Arturo Di Modica

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Arturo Di Modica
Di Modica and Charging Bull in 2014
Born(1941-01-26)January 26, 1941
DiedFebruary 19, 2021(2021-02-19) (aged 80)
Vittoria, Sicily, Italy
NationalityItalian and American
Notable workCharging Bull (1987–1989)
MovementPost-war modern art

Arturo Di Modica (January 26, 1941 – February 19, 2021) was an Italian sculptor, widely known for his Charging Bull sculpture that he left outside the New York Stock Exchange between pre-dawn police patrols on December 15, 1989.

English sculptor Henry Moore nicknamed Di Modica “the young Michelangelo[1] after they met in Italy in the 1960s.

Early life[edit]

Arturo Di Modica was born in Vittoria, a small town in the province of Ragusa, Sicily, on January 26, 1941. His father, Giuseppe, owned a grocery store and his mother, Angela, was a homemaker.[2] Inspired by his surroundings, in 2017 Di Modica told an interviewer that as a child he had liked to hang out at the craftsmen's workshops and watch them weaving baskets and carving wooden carts.[3] As his father didn't approve of him becoming an artist, Di Modica ran away from home at the age of 18, taking a train to Florence to pursue a career in sculpting.[3][4]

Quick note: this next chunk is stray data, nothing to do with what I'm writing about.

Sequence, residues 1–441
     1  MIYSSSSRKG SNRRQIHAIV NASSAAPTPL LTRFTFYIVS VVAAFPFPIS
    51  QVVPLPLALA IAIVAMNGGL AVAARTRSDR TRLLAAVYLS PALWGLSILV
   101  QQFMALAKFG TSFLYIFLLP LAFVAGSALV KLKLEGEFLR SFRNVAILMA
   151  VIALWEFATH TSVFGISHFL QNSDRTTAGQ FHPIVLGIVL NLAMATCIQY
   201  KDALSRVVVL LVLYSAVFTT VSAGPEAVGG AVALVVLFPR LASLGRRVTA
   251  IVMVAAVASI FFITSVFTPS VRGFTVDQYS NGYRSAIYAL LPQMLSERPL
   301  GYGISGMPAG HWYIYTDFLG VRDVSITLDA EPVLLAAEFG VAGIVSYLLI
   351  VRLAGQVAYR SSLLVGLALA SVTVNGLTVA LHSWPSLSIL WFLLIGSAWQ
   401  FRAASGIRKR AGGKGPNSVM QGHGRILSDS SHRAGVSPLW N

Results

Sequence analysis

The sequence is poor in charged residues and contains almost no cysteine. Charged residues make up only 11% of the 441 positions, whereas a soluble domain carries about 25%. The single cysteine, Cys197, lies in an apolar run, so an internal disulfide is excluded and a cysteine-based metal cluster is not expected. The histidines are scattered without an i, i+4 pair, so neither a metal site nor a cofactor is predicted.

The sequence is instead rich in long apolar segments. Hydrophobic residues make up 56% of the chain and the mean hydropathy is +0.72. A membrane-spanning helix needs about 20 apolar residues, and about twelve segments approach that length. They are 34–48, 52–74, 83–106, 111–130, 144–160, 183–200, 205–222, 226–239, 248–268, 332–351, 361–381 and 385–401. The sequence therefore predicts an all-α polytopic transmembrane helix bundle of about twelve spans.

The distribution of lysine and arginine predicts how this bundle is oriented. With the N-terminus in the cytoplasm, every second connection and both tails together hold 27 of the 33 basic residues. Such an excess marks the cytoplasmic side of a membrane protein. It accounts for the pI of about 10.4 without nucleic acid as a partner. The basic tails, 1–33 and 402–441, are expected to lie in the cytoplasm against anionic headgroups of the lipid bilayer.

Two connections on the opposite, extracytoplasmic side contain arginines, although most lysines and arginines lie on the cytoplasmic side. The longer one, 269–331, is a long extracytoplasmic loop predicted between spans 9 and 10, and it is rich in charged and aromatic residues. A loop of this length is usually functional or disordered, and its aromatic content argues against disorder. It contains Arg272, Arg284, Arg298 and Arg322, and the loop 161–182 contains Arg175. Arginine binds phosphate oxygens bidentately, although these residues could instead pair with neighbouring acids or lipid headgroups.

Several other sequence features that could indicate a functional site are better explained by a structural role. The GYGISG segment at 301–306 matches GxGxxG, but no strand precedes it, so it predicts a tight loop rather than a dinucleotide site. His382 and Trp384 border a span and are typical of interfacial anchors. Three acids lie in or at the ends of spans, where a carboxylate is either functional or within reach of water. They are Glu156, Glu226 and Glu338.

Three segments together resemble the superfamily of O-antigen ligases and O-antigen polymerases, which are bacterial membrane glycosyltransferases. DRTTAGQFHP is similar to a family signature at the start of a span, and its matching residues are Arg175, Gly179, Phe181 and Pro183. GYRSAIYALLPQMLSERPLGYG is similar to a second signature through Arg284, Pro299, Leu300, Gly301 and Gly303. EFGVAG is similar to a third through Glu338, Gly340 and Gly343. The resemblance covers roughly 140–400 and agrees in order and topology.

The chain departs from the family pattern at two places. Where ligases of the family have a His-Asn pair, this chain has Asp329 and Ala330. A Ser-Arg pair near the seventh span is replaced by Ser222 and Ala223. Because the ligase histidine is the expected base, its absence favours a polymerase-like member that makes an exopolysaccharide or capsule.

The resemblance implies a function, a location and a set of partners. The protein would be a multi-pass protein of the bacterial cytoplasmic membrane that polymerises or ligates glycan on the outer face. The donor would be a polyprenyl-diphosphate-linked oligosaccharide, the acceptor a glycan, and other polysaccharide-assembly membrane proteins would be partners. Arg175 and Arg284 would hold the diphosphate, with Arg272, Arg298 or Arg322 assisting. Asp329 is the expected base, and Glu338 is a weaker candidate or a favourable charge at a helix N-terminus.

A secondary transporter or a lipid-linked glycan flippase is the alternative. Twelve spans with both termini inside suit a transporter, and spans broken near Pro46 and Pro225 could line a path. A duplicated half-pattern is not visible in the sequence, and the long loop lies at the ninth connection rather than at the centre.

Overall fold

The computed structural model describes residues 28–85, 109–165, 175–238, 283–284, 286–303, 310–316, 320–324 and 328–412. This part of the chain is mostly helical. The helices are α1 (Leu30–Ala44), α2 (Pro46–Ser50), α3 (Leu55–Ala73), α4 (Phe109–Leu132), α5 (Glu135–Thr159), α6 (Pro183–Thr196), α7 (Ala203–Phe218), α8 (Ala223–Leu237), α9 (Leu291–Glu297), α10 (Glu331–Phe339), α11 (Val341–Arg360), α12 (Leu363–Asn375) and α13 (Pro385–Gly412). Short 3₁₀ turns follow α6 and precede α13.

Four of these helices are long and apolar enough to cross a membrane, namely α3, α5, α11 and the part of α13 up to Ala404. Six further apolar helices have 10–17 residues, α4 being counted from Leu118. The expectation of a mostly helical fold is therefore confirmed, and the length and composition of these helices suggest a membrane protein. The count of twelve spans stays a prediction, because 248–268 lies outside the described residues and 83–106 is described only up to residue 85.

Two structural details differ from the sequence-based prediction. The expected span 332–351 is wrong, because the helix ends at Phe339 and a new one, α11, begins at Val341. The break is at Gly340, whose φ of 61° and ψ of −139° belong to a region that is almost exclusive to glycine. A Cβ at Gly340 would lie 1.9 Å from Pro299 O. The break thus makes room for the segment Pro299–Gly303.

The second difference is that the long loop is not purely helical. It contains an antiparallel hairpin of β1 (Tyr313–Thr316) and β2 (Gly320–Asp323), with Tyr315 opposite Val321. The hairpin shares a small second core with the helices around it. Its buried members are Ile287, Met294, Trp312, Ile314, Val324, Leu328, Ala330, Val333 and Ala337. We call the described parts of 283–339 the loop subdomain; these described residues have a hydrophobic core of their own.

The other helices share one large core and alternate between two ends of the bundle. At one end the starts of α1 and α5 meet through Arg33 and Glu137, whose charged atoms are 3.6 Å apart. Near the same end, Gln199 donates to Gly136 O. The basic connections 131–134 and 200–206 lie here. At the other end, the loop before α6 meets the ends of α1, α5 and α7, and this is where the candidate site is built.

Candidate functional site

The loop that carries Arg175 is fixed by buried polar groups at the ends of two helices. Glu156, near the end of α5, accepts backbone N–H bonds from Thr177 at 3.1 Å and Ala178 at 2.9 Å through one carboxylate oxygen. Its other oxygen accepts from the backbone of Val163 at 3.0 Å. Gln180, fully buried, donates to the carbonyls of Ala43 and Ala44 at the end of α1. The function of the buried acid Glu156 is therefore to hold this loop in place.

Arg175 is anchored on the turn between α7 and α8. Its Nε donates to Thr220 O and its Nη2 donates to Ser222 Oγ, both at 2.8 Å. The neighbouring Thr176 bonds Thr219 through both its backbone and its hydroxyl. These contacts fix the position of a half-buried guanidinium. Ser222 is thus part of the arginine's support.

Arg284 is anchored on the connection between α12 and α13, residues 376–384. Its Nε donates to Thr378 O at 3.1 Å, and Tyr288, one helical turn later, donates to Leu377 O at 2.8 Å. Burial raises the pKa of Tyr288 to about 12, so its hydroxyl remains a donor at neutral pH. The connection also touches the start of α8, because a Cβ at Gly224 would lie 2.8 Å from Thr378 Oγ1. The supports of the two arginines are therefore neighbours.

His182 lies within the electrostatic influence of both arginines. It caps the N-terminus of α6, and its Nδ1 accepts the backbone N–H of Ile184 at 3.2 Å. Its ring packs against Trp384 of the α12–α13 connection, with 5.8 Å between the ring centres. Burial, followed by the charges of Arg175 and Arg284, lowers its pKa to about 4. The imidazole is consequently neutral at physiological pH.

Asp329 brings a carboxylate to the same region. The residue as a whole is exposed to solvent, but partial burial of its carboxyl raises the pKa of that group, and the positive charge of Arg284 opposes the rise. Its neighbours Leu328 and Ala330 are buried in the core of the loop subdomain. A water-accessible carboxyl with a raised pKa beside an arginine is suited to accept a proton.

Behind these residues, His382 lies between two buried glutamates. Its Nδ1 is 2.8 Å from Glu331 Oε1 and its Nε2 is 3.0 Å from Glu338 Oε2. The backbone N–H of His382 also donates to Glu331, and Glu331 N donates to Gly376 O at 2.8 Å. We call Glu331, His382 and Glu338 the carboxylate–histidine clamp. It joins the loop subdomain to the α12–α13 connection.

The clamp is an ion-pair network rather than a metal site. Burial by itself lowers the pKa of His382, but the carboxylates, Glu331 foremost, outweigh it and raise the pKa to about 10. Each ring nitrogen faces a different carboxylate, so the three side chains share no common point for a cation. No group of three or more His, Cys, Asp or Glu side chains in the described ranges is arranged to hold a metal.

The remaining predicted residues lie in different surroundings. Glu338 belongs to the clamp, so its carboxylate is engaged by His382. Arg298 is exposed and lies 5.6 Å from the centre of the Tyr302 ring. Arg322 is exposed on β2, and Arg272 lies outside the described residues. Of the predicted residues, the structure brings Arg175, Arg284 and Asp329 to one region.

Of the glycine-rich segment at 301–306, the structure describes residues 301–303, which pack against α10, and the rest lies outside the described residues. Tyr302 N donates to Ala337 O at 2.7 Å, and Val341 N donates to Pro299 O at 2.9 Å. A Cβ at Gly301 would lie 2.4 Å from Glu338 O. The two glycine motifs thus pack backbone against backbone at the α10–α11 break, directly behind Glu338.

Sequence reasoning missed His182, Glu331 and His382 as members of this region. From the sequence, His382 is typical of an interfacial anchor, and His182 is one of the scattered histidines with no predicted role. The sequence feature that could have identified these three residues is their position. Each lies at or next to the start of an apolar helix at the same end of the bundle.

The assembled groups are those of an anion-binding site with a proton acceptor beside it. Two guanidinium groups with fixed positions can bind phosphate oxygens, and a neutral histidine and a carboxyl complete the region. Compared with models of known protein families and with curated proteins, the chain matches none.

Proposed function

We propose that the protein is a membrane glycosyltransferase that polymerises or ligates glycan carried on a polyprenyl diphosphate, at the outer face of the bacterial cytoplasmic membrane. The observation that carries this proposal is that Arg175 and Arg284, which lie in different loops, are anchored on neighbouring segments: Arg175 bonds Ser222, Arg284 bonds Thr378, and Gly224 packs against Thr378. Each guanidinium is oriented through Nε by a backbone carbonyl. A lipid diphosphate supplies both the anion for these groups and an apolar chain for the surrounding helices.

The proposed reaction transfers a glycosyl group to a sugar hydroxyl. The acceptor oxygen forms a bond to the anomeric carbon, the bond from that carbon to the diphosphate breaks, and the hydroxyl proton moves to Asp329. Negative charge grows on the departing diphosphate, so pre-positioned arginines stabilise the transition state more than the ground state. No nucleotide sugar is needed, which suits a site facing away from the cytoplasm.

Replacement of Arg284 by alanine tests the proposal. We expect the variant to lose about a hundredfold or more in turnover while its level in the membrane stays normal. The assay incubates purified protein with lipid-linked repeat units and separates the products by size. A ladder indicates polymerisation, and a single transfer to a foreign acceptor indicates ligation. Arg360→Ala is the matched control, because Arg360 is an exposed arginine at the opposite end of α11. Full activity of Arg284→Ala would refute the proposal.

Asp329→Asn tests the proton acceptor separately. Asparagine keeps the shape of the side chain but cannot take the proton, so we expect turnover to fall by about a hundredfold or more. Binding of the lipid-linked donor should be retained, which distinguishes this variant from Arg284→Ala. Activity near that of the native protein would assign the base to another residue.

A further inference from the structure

Upon arrival in Florence, he enrolled in the Accademia di Belle Arti di Firenze[5] and attended courses in the Free School of the Nude for a few years. To support himself, he worked various jobs, including one in the x-ray department of a hospital and one as a mechanic in a local garage.[5] Unable to afford the use of local foundries, he built his own forging and metalworking tools, salvaged materials, and cast bronzes in his home-built foundry.[6]


Di Modica had his first major show of rough abstract bronze castings at Villa Medici in 1968.[2] By the late 1960s, Di Modica had begun working with Carrara marble in Pietrasanta, where he met English sculptor Henry Moore. Moore, who nicknamed Di Modica “the young Michelangelo”,[1] would have a strong influence on Di Modica, who subsequently developed a new style. By 1970, Di Modica had grown frustrated with the limitations of Florence and felt he was not able to express his modernistic ideas. Upon the advice of his teachers, he moved to New York City.[6]